I am circling back to an item that was a hot issue in the ancestral health community in early 2013: eating disorders, and how the paleo perfection community may in fact promote this among people who are predisposed to getting caught up in frivolous food obsessions.
I read this Dr. Emily Deans post, “Orthorexia in the Paleo-Primal Community,” which led me to this post, “10 Critical Issues the Paleo Community Must Address, ” by Jimmy Moore.
Moore correctly bashes the odd habit of “perfectionism,” which, in my definition, is the over-application of real food principles to the point where some paleo adherents are afraid of every bit of food that hasn’t passed the “paleo perfect” test. This strikes a nerve with me because I see it as a huge problem with people becoming obsessed with every bit of dogma that comes out of the paleo world. And often, what is said in the paleosphere may not be so dogmatic, yet the readers of otherwise good information will take it to a ridiculous degree of dogma completely on their own.
For instance, people obsessing on not eating gluten. Not eating gluten is a great thing, and everyone who is educated on the gluten issue should heed the principles of gluten avoidance whenever possible. But to say that you got sooo sick because you ate something that touched something that came from a package that touched another package that touched something with gluten is not only a stretch, it’s nutty. And this stuff goes on.
People are taking the general rules for ‘what is and isn’t’ sound food and they are puffing up the rules to ridiculous proportions. Folks doing paleo are now making up “long lists” of all these things that they absolutely cannot eat under any circumstance whatsoever. A potato? Gasp! Now that crosses a line. A potato has carbs, and it could have … touched something that had … gluten! And rice? Well, some paleo somewhere said that rice is not within the boundaries of the doctrine, so all rice is always out. One speck of rice will upset the entire paleo applecart in the minds of some of the “toe-the-line” paleos. Avoiding the worst of modern grains, such as wheat, does not necessarily mean you will hit the floor with convulsions if a piece of rice touches your lips.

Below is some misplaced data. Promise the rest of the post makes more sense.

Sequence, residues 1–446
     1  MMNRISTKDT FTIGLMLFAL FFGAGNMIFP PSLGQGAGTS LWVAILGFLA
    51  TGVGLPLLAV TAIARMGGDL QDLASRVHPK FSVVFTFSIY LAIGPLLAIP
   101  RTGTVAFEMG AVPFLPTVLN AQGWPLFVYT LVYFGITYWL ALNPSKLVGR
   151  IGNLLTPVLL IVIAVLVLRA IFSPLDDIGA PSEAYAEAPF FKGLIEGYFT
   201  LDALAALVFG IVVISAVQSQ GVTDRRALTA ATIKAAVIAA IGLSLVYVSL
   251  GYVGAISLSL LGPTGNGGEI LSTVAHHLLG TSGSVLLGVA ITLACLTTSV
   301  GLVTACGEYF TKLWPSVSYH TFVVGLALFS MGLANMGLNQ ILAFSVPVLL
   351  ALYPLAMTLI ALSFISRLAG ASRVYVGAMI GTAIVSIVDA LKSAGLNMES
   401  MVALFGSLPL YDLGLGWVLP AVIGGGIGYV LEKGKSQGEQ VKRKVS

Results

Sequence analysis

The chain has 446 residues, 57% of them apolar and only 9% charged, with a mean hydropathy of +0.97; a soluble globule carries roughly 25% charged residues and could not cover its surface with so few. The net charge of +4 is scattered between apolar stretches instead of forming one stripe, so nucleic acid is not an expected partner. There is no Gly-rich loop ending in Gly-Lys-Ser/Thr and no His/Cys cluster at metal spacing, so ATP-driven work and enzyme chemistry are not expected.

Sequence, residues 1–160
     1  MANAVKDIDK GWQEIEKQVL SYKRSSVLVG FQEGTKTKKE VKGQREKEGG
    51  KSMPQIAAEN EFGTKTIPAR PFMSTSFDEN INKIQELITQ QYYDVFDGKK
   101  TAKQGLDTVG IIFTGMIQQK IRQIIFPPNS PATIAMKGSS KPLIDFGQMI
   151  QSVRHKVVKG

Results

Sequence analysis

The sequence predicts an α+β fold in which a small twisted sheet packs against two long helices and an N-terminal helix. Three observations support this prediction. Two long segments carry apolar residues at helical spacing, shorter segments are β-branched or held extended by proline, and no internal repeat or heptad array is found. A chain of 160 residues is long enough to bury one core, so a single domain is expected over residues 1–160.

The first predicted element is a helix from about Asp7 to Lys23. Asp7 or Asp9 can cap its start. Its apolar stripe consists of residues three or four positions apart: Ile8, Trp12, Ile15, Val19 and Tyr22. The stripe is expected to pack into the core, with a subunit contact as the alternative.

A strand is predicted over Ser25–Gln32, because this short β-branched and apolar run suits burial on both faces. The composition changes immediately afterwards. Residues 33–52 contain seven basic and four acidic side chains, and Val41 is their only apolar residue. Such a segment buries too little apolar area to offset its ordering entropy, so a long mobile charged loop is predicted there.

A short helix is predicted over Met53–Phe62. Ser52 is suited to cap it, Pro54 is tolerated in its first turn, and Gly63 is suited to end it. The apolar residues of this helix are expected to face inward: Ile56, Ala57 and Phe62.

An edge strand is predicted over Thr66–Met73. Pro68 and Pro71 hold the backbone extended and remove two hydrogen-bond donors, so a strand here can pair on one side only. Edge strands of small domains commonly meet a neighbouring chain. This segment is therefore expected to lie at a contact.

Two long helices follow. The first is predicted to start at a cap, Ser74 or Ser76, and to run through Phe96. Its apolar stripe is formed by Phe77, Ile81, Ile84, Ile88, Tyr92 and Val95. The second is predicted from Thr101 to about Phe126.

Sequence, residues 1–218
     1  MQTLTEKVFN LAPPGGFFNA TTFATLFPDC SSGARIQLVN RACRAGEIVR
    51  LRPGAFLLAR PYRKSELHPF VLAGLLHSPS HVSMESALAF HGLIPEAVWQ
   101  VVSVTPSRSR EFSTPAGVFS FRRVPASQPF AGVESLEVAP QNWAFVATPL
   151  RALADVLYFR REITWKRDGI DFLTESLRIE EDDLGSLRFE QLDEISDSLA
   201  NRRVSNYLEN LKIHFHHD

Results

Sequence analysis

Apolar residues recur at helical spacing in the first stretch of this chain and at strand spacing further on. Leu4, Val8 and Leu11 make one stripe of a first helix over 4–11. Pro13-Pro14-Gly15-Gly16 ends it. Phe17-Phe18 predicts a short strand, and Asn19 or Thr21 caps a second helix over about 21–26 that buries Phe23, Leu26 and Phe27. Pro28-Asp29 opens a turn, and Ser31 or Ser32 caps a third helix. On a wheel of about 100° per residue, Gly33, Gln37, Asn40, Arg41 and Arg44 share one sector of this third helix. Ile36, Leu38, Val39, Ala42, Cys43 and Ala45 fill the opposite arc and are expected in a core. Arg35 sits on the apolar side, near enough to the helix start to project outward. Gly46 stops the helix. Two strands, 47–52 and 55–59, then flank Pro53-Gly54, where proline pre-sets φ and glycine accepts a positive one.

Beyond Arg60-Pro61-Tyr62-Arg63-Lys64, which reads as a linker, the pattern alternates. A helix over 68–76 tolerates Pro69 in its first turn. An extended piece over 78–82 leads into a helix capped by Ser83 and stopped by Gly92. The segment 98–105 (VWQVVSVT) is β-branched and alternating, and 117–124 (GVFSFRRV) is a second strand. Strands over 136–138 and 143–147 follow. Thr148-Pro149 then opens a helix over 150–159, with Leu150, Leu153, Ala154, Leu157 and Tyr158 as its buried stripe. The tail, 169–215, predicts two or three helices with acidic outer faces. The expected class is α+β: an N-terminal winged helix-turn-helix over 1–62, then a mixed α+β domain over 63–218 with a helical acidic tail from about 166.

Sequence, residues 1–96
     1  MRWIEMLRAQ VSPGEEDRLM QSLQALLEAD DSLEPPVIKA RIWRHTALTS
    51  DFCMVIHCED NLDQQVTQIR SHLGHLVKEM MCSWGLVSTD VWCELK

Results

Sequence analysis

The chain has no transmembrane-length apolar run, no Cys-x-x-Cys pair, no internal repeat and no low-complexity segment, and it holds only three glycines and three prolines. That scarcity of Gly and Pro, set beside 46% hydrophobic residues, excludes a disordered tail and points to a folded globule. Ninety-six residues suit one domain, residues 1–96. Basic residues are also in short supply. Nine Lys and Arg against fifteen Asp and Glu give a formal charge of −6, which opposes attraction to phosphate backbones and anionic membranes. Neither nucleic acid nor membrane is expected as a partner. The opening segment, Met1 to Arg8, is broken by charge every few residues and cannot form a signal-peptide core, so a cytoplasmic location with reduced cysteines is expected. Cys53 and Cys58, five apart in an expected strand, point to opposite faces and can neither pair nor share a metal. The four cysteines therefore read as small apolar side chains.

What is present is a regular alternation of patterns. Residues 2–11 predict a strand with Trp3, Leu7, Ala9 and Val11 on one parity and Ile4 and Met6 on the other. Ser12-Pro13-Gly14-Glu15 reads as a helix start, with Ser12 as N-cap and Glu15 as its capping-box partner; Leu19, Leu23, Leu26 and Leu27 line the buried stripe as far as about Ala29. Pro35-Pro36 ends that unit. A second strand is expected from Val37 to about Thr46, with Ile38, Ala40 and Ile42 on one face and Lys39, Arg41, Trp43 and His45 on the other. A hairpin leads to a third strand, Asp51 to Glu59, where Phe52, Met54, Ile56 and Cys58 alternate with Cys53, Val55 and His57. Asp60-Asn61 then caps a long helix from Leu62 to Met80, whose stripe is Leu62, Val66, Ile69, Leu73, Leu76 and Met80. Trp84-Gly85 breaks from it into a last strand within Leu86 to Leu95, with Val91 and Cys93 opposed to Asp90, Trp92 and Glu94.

These people are what I designate “afraid of food.” For instance, they have to inspect and interrogate and research the menu each time they go out to eat for fear that they will unwillingly ingest a dreaded forbidden item. It’s painful to go out to a restaurant with someone who has to cross-examine the waitress with a ridiculous series of 1,000 incoherent questions dedicated to understanding each and every ingredient in the proposed meal while sounding like a recording from any one of a number of paleo-dogma websites or books. I don’t know about the rest of you, but for me that is a moment of zaniness that just zaps my positive mental energy. A meal out with these folks is no longer an option for me.
The obsession on all things ketogenic (almost total carb avoidance) is also beyond boorish. It’s not so bad that people feel the need to go keto, it’s that they talk about it all the time, and in the most uninformed way. Also, the obsession on thyroid issues in the paleo world is, and has been, out of control. The self-diagnosis of one malady after another is now a hobby for some folks. And each time a new malady is self-diagnosed, a new set of rules goes into place about what one can’t eat. That potato becomes the evil lurking in your kitchen. And so goes the food fear mongering.